How do the various economic systems put forth throughout our history tend to counter that which is the best of our nature? As mentioned, capitalism has no use for that which cannot be commidified, so it has an inherent problem with love which is beyond such a crass value system. It does try to do its best to commidify love by generating profit from the trappings of love and promoting the notion that love is best expressed through buying material trinkets said to embody that love. Beyond this, capitalism, by its brutal adherence to the bottom line drives families apart and pushes people to decisions based upon the need to acquire money that can destroy these bonds of love. And what of creativity? Many would argue that capitalism provides the means by which creative expression can flourish, but anything more than a trivial examination of this notion would show its fallacy. While some creativity is given the means with which to express itself, much is stifled by concerns of the market. If those with the capital cannot see the creative potential of what is before them, it is ignored at best. Also, as the higher levels of education become increasingly subject to economic barriers that require ever greater amounts of money at hand or ever more years in debt peonage after obtaining the education, the creative process is further narrowed into what can turn a fast profit. All else is without value. This commodification of creativity ends up placing more value upon, say, the homogenized muzak produced by the lastest boy band created in some board room over the sheer genius and beauty created by the likes of a Beethoven or Mozart.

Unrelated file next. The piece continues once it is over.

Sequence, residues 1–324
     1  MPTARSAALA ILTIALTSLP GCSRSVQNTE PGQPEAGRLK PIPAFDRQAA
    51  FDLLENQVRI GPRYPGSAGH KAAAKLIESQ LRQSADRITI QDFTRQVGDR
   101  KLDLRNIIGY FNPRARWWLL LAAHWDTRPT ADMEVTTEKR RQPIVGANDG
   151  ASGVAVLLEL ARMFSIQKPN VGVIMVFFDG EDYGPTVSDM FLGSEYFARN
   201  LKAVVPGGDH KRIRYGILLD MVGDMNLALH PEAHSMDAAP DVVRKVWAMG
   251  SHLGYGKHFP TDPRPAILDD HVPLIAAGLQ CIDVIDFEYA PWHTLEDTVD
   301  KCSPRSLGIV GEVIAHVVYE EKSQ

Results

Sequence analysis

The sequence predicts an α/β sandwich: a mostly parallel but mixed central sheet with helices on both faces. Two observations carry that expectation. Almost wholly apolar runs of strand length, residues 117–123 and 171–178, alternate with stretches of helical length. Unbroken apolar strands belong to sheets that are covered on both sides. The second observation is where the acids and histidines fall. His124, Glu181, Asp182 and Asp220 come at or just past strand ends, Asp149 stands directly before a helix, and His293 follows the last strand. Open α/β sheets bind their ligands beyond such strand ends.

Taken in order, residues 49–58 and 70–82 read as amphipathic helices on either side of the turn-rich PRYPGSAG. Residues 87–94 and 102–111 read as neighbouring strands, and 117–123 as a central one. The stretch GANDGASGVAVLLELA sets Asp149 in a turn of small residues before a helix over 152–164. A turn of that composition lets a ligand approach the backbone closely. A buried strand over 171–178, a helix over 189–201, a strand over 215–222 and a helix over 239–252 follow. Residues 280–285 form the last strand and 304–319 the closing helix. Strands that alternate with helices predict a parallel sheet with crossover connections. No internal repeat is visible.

And what of socialism? In theory a socialist system would eliminate some of the monetary monomania of capitalism. In reality all socialist systems are just capitalist systems with some of the rough corners smoothed down. As such the underlying incompatibility of capitalism and that which is good and noble in humanity is merely masked and always ready to reassert itself. Industries that are deemed in the national interest or for the public good are held by the state, and as such are subject to the whims of those who hold elected (or obtained) power and are therefore liable to be sold off without any public recourse. When this has occurred the people do not see the monetary benefits of selling these industries and generally the only beneficiaries are those who acquire these privatized assets at undervalued costs. Any nationalized industry that is not held in trust by the people of a country rather than by the state is always at risk. Beyond this, if economic decisions are made at the center, they are necessarily ham-fisted attempts to foresee the future or tardy reactions to events at the periphery.